May 30, 2003
Stillwater, OK – Jack Ferguson two-putted from 20 feet away on the last hole to give the Clemson golf team its first ever national championship Friday at Karsten Creek in Stillwater, OK. The Tigers finished +39 for the tournament fended off Oklahoma State, which was playing on its home course, by two strokes to secure the title. It is Clemson’s first national championship in a team sport since 1987. The team will fly back to and land at the Greenville-Spartanburg Airport at 6:30 Saturday night for any fans wishing to greet the Tigers. Click to read the AP story.
Clemson Beats the Heat, Claims First Division I Men’s Golf Crown
By OWEN CANFIELD Associated Press
STILLWATER, Okla. (AP) — Clemson has been ranked No. 1 all season in the college golf rankings. Now the Tigers have the trophy to prove it.
Surviving another blistering Oklahoma day, Clemson held on to beat host Oklahoma State by two strokes Friday for its first NCAA title. The Tigers became the first team to win their conference tournament, NCAA regional and NCAA tournament in the same year.
“It was probably the hardest round of golf I think we’ve ever had to play,” coach Larry Penley said. “We shoot 15 over par and still win? It was extremely tough.”
Playing in 95-degree weather, Clemson shot a 303 and wound up 39-over for the four rounds. Oklahoma State, which began the day one shot behind Clemson, shot 304 and wound up 41-over.
UCLA was third at 45-over, while Wake Forest and Florida tied for fourth at plus-46.
The individual winner was Arizona State freshman Alejandro Canizares, whose 3-under 69 left him at 1-under 287, two shots ahead of Auburn’s Lee Williams. Williams, the leader after each of the first three days, was undone by double-bogeys on 16 and 17 and wound up with a 77.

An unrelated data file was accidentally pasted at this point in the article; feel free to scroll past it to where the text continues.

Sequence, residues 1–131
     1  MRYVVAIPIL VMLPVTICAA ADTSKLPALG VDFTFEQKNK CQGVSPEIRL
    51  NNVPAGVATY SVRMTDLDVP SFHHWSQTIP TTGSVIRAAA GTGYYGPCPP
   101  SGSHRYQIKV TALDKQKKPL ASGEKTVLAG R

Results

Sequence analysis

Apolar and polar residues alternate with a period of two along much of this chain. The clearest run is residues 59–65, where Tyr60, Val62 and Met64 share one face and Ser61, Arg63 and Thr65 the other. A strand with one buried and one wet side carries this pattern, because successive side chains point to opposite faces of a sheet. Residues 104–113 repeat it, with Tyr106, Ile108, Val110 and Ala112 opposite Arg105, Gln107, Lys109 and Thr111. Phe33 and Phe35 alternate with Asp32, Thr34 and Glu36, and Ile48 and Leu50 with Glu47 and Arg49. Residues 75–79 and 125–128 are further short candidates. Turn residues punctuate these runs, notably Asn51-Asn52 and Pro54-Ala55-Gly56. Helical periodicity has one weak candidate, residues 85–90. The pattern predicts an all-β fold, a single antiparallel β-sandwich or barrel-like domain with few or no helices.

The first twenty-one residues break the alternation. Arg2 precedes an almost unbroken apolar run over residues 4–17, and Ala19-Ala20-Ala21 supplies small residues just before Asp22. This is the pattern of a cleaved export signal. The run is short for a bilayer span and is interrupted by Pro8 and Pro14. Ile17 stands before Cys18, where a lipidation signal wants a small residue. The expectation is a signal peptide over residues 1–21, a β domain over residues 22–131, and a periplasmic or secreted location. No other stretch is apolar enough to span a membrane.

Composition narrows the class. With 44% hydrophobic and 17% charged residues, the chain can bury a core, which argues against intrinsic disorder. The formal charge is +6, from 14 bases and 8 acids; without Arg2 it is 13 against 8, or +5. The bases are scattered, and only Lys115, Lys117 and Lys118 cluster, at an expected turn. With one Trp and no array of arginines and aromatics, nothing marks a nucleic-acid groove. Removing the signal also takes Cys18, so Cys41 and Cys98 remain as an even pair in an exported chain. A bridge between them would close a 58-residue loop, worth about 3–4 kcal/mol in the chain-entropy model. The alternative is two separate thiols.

Clemson had been dominant throughout the season, finishing first or second in 11 of its 12 stroke-play events. The Tigers and Oklahoma State battled all day, with the Cowboys stumbling a bit on the closing holes.
Clemson’s Jack Ferguson, playing in the final group, double-bogeyed 17 to cut the Tigers’ lead to three with one hole to play. He was paired with Oklahoma State’s Hunter Mahan, who had eagled No. 18 each of the past two days.
Ferguson played conservatively, laying up on the par-5 final hole and easily two-putting from about 25 feet as Mahan birdied.
“I’m just glad we were able to come through,” said Clemson’s D.J. Trahan, who chose not to turn pro last year and return for his senior season. “I’m not going to kid you, it’s a lot of pressure, it takes a lot of guts. This is a tough golf course.
“Coming down stretch, you’ve really got to pull it together and sack it up, and we did that today. We played fantastic coming in.”
Trahan had Clemson’s best round, a 74. The Cowboys’ best score was a 75 by Alex Noren. Mahan wound up with a 76.
Auburn’s Williams began the day at the only player in red figures. He struggled early in his round, but was at 3-under after a birdie on 14 before his round fell apart.
He also double-bogeyed 16 on Thursday, but finished par-birdie. He wasn’t as fortunate this time.
After his trouble on 16, Williams’ tee shot on No. 17 landed in tall rough under a tree. He tried to punch out, but the ball went about 2 feet backward. Then he did punch out, hit a 6-iron approach about 20 feet past the pin and two-putted.
“One over for the day going to 16, I was very happy,” Williams said. “It (the golf course) got me today. You’re going to have one round where more than likely things don’t go your way.”
Canizares, son of Champions Tour golfer Jose Maria Canizares, shot a 77 in the first round but put himself contention with rounds of 70 and 71. He began the day six shots behind Williams.
Starting on the 10th tee, he played the front in 2-under, then made two birdies and a bogey on the back.
“I was just keeping my game and concentrating and not looking at the leaderboard,” Canizares said. “I didn’t know my chances (after Tuesday). It’s a long tournament. I made a good comeback and played well the last three days.”
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